(535g) On the Effect of Surfactants on Drop Coalescence with Liquid/Liquid Interfaces | AIChE

(535g) On the Effect of Surfactants on Drop Coalescence with Liquid/Liquid Interfaces


Voulgaropoulos, V., University College London
Weheliye, W. H., University College London
Angeli, P., University College London

1. Introduction

coalescence is commonly encountered in a wide range of industrial applications
in food processing and in petrochemical and pharmaceutical fields. In
such cases, the surface of the drop is often coated with surfactants, whose
properties largely affect the coalescence behaviour. In current oil extraction methods,
water is injected into the well to displace the residual oil in rock gaps and
enhance crude oil recovery. During injection, oil-water dispersions form. In
some cases, surfactants are also added to facilitate the formation of these
dispersions. Previous studies have shown that the oil recovery efficiency is
affected by this addition of surfactants. As it is difficult to trace the
distribution of the surfactants along the droplet surface, the effect of
surfactants on the coalescence process is still an active research area. In
this work, advanced laser velocity field measurements were conducted, using the
Particle Image Velocimetry (PIV) technique, to investigate the effect of
surfactants on the coalescence of single aqueous drop with an aqueous/organic interface.

2. Experimental Set-up

aqueous phase was 80% w/w glycerol/water mixture, while the organic phase was a
low viscosity kerosene-like Exxsol D80 oil. The concentration of the aqueous
mixture was chosen to match the refractive index of the organic phase,
necessary to minimize optical diffractions to produce more accurate laser based
flow measurements. Various concentrations of Span 80 were introduced to the organic
phase to study the effect of a surfactant on the coalescence mechanism. The
properties of the fluids are shown in Table 1.

Table 1:
Properties of fluids used.

φ (w/w)

ρ (kg/m3)

μ (mPa.s)

γ (mN/m)






Span80 /

Exxsol D80





















The experiments were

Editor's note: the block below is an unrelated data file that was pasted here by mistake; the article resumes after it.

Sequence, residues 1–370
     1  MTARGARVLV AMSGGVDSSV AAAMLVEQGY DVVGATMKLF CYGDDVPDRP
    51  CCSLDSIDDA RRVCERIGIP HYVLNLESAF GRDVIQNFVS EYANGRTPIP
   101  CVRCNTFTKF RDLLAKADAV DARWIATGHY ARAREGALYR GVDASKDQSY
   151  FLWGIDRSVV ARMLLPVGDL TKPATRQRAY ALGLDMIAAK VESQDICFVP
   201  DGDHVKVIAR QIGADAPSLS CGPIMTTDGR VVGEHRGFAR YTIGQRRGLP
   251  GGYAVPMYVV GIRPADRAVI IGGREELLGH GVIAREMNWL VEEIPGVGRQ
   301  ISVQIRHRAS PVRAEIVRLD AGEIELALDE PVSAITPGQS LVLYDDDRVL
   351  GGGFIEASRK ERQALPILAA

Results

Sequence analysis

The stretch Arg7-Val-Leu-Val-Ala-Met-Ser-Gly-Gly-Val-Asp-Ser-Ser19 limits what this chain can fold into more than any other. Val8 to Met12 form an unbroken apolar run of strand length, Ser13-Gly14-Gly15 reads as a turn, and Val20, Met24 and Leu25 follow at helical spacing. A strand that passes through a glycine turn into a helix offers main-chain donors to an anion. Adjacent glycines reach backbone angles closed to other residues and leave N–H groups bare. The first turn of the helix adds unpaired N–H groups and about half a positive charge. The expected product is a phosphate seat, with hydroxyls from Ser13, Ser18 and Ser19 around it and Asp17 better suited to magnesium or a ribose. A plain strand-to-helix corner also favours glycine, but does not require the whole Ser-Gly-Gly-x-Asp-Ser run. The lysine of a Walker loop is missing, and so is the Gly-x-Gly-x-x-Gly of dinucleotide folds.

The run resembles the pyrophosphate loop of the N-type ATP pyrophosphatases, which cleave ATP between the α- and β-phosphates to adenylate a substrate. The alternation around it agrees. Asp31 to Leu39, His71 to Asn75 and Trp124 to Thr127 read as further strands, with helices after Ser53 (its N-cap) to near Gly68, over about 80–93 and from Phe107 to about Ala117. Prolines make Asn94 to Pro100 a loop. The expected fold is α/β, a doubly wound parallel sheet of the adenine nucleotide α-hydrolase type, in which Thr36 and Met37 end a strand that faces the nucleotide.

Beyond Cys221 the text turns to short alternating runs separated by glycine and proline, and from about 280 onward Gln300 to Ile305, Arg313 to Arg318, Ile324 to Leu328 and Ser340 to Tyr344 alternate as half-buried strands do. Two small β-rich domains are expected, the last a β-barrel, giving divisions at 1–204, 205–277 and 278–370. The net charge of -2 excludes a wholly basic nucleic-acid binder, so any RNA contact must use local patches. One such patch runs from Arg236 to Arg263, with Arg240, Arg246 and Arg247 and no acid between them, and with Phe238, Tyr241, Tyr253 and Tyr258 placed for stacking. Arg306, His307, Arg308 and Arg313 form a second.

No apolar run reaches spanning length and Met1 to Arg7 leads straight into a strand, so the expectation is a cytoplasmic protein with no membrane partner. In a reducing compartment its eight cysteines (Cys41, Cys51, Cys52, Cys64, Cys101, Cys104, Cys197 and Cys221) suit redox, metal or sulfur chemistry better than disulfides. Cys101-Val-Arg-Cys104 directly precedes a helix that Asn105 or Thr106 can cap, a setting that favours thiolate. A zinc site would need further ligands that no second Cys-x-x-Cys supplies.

conducted in a transparent acrylic tank of 50 mm square section width and 150
mm in height, as shown in Fig 1.
The aqueous/organic interface was placed at 40 mm from the bottom of the cell
while the organic/air was placed at 100 mm. Droplets of water/glycerol mixture
were generated by injecting the liquid into the Exxsol D80 through a
cylindrical stainless steel nozzle of 80 mm length and 2 mm inner diameter. The
nozzle was fixed at approximately 20 mm above the aqueous/organic interface to minimise
any variation on the droplet impact locations. For the investigation of the
velocity fields with PIV, the droplets were seeded with 1 micron Rhodamine tracer
particles. To clearly observe the interface between the aqueous and organic phase,
a small amount of Rhodamine 6G dye was introduced to the aqueous phase close to
the interface. These seeding particles were removed with a suction pump after
each experimental run.


Experimental set-up.

3. Results and

In Fig. 2, the
variation of the relative height hs of the droplet top point over
time t for various surfactant concentrations is plotted. Prior to the rupture
of the interface, the increasing surfactant concentration reduced the
interfacial tension and as a result the deformation of the interface was
increased. During the rupture process, for
the pure system or low surfactant concentration, φ
=0, φ
and φ
the upper part of the droplet surface oscillated at t = 50 ms, t =
55 ms and t = 85 ms, respectively. While for the higher concentration
systems (φ = 2.10-4
and φ
= 5.10-4)
the top point of droplet approached to the equilibrium interface smoothly and
slowly, but at much longer times than at the lower concentrations. It is worth
mentioning that the top point in these cases was not reaching heights below the
final interface level as was the case with the lower surfactant systems.

variation of the relative height hs of the top point of the

velocity fields inside the droplet for different surfactant concentrations and
different time steps are presented in Figs. 3 and 4. Post interface rupture,
two counter-rotating vortices were observed at the bottom of the droplet. With
increasing time, the two counter-rotating vortices started to attach to the
upper part of the droplet while their intensities were gradually increased
until a transition point was reached, after which the intensity decreased. At
this initial stage the fluid dynamics inside the droplets were dominated by the
vortices present, while after the transition point the flow was dominated by the
downward axial fluid motion. Also, it was observed that for increasing surfactant concentration the intensity of the two
counter rotating vortices was decreased. The location of the two vortices
inside the droplet was also tracked and compared for different surfactant
concentrations and kinetic energy distributions for different surfactant
concentrations were computed.


Velocity fields and contour of the vorticity evolution for φ = 1.10-4

Fig. 4. Velocity fields and
contour of the vorticity evolution for φ = 2.10-4



project was funded by the UK Engineering and Physical Science Research Council
(EPSRC) Programme Grant MEMPHIS. T. Dong would also like to thank CSC and UCL
for his PhD studentship.